Smart, simple ways to conserve water outdoors
This time of year, more than 40 percent of home water consumption takes place outdoors. Although most tips for reducing outdoor water use have been around for decades, let’s take a fresh look at how to make those strategies work in real life in our region.
Special to The Seattle Times
Water flows downhill, but water conservation faces an uphill battle in the Pacific Northwest.
With all of the green steps we’re constantly asked to take — from recycling to conserving energy to driving less — it’s easy to say “All right, enough” when it comes to saving water. Don’t we have plenty of water here?
Yes we do, most years. For now. But we still need to use less water.
Conserving water can save us money and time. It conserves energy, as well, since the water we consume must get pumped, treated and sometimes heated.
Using water judiciously also helps prepare us for a future time when we may have less water available for a growing population.
Fortunately, water conservation doesn’t have to be difficult, once you get in the habit.
This time of year, more than 40 percent of home water consumption takes place outdoors.
Although most tips for reducing outdoor water use have been around for decades, let’s take a fresh look at how to make those strategies work in real life in our region.
You can save a lot of water by not watering your lawn, or not having a lawn.
In the Seattle area, no matter how hot it gets, you can usually go without watering your lawn the entire summer.
Our unwatered grass lawns typically go brown in June or early July, but they will green up again in September or October.
Letting your lawn go brown isn’t for everyone, and people shouldn’t be judged harshly if they choose to have a green lawn for their kids or pets to play on, for example.
If you do water your lawn, avoid the use of weed killers and chemical fertilizers.
Those have more of a negative effect on the environment than using water, and you can have an attractive lawn without them.
It helps that the general standard for attractive lawns, especially in the Seattle area, is less rigid than it was 30 years ago.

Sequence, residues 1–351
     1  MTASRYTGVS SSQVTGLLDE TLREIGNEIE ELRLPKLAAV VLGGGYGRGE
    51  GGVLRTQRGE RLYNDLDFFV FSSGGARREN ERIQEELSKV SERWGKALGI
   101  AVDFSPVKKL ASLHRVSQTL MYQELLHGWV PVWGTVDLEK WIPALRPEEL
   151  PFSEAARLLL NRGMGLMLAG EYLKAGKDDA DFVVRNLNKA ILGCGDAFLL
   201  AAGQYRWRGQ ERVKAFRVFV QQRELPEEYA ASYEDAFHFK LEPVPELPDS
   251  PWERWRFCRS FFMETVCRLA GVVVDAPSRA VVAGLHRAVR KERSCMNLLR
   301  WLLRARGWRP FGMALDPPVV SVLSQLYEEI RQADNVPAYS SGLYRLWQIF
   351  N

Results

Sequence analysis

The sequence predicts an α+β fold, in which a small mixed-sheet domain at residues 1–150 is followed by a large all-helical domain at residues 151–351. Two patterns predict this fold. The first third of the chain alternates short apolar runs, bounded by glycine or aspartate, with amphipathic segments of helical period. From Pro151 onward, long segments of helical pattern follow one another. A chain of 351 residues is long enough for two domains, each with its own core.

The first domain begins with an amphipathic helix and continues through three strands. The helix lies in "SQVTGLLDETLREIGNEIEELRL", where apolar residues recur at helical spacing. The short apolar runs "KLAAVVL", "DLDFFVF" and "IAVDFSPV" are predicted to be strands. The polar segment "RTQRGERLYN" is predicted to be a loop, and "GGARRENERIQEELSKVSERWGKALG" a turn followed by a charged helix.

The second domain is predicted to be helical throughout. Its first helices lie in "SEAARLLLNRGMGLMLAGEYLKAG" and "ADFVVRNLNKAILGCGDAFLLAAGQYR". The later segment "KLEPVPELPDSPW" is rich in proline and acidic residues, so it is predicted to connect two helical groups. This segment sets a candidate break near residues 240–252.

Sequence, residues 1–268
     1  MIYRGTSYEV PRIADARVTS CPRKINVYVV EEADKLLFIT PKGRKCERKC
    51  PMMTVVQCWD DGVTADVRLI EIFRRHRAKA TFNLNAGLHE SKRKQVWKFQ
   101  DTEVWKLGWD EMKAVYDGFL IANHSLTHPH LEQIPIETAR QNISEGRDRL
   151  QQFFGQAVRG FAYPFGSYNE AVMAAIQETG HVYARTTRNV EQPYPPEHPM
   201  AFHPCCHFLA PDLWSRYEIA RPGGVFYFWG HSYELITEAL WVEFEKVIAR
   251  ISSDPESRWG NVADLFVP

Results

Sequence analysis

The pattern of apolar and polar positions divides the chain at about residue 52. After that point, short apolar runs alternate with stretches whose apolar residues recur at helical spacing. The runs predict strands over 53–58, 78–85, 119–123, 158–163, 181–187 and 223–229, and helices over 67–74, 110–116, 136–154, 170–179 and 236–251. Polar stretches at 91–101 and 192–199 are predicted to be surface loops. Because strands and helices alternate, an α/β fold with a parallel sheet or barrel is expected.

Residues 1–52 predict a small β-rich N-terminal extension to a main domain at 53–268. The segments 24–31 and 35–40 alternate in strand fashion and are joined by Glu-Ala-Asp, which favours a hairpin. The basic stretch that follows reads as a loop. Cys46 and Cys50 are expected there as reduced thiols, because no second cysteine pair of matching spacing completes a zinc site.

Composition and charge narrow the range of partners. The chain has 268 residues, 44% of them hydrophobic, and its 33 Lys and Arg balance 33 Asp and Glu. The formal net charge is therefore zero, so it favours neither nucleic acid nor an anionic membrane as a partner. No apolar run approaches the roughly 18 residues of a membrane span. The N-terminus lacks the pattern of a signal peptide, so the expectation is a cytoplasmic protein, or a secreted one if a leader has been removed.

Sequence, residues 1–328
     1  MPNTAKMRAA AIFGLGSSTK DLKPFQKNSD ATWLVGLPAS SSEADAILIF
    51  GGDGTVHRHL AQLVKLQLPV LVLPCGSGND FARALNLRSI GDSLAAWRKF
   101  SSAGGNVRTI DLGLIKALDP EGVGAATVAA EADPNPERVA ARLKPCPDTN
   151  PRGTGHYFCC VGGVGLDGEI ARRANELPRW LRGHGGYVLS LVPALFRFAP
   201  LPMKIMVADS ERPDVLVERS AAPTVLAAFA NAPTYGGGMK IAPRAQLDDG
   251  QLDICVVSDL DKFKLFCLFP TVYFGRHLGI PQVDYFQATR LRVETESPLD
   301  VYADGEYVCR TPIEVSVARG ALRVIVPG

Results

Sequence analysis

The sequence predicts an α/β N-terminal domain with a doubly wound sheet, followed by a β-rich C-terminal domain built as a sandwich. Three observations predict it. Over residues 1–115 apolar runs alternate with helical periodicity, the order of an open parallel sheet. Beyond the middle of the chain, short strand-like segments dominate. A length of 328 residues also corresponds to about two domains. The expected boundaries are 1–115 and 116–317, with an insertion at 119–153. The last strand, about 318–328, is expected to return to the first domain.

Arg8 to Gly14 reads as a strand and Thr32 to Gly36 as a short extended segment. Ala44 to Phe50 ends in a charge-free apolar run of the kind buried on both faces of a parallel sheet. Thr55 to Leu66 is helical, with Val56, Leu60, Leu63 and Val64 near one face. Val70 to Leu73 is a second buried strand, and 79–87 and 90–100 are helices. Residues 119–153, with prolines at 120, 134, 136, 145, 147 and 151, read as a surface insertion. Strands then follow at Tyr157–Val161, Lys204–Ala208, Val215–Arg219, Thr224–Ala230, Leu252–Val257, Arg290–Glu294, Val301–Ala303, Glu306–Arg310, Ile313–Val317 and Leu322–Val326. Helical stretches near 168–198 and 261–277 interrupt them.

Lawnless in Seattle
Completely removing your lawn works for some folks, but it takes a lot of effort.
Planting native drought-tolerant plants in the yard instead of grass can be expensive, but rewarding in the long run.
Water your drought-tolerant species during the first two summers after planting to help them get established.
Many of us have had native plants die their first summer because we didn’t water them enough.
If possible, water plants in the morning to reduce water loss from evaporation. Evening watering is the next best option, but may encourage disease in certain plants.
Saving with a drip
Drip-irrigation systems in garden beds use less water than other watering methods, but the systems may cost several hundred dollars and require significant installation time and maintenance.
If you use a sprinkler system or individual sprinklers, make adjustments immediately when you see runoff on sidewalks or driveways.
Collecting the rainwater that runs off your home’s rooftop has become popular, but you would need several rain barrels or a cistern to achieve significant water savings.
If you do decide to spring for an expensive cistern water-collection system, do plenty of research first, including checking out local examples.
Savvy car washing
Don’t just let the hose run when washing your car at home. The soap and the car’s greasy residue flowing into storm drains can cause problems. Going to a carwash is greener, since commercial carwashes treat their water and usually reuse it several times.
With “waterless” carwash products, you save water because you don’t have to rinse, but they may not work well for an extremely dirty car.
Choose a waterless cleaner without strong chemicals, such as a citrus-based product. If you’re not a regular car washer and a bird unloads on your vehicle, simply wipe it off gently with a dampened old sponge.
Although we might never face restrictions on home outdoor water use like those recently imposed in California, conserving water always makes sense, no matter where you live.
Tom Watson is project manager for King County’s Recycling and Environmental Services. Reach him at firstname.lastname@example.org, 206-477-4481 or www.KCecoconsumer.com
The monthly EcoConsumer column aims to help readers balance consuming and conserving. Tom Watson is project manager for King County's Recycling and Environmental Services.